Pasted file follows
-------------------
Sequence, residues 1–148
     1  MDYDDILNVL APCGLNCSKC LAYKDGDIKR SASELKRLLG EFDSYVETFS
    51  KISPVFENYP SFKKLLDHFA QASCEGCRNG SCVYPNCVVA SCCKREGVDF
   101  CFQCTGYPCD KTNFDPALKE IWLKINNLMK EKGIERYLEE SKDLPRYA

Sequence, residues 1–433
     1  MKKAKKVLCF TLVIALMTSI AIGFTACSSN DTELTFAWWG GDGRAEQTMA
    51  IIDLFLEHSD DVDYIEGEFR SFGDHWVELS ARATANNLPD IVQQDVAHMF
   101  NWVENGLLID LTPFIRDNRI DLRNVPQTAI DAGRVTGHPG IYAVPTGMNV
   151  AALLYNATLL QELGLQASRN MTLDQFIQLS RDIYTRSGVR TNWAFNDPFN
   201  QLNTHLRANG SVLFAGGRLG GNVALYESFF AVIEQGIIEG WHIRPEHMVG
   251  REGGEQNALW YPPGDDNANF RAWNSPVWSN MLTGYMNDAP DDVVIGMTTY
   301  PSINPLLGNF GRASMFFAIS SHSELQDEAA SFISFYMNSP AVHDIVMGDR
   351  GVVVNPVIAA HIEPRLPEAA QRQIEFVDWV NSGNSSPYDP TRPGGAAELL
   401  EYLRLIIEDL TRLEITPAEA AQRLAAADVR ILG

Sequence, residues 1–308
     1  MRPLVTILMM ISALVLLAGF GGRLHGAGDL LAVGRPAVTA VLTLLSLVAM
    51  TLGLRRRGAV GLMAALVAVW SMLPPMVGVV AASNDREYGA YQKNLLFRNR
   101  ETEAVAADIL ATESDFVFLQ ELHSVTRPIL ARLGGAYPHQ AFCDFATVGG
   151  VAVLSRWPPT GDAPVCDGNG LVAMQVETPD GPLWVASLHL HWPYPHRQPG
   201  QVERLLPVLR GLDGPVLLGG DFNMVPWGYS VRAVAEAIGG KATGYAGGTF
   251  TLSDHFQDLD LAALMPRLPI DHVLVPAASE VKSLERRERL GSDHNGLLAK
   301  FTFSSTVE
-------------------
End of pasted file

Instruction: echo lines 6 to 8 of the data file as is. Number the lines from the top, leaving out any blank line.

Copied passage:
     1  MKKAKKVLCF TLVIALMTSI AIGFTACSSN DTELTFAWWG GDGRAEQTMA
    51  IIDLFLEHSD DVDYIEGEFR SFGDHWVELS ARATANNLPD IVQQDVAHMF
   101  NWVENGLLID LTPFIRDNRI DLRNVPQTAI DAGRVTGHPG IYAVPTGMNV